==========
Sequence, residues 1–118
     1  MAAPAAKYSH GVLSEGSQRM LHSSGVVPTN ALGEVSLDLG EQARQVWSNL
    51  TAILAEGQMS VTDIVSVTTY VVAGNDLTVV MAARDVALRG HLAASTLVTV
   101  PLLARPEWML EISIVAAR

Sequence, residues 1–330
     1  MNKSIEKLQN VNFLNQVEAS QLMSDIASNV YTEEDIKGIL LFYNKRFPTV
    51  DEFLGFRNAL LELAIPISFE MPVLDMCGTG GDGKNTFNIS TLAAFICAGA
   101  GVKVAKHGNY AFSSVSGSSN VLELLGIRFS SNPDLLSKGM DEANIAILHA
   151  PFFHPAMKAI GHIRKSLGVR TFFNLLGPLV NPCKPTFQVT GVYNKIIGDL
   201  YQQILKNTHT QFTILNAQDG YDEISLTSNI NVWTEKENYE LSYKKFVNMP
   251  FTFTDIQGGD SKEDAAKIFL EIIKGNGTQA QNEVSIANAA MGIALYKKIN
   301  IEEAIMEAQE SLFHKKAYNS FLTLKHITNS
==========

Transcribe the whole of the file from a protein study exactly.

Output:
Sequence, residues 1–118
     1  MAAPAAKYSH GVLSEGSQRM LHSSGVVPTN ALGEVSLDLG EQARQVWSNL
    51  TAILAEGQMS VTDIVSVTTY VVAGNDLTVV MAARDVALRG HLAASTLVTV
   101  PLLARPEWML EISIVAAR

Sequence, residues 1–330
     1  MNKSIEKLQN VNFLNQVEAS QLMSDIASNV YTEEDIKGIL LFYNKRFPTV
    51  DEFLGFRNAL LELAIPISFE MPVLDMCGTG GDGKNTFNIS TLAAFICAGA
   101  GVKVAKHGNY AFSSVSGSSN VLELLGIRFS SNPDLLSKGM DEANIAILHA
   151  PFFHPAMKAI GHIRKSLGVR TFFNLLGPLV NPCKPTFQVT GVYNKIIGDL
   201  YQQILKNTHT QFTILNAQDG YDEISLTSNI NVWTEKENYE LSYKKFVNMP
   251  FTFTDIQGGD SKEDAAKIFL EIIKGNGTQA QNEVSIANAA MGIALYKKIN
   301  IEEAIMEAQE SLFHKKAYNS FLTLKHITNS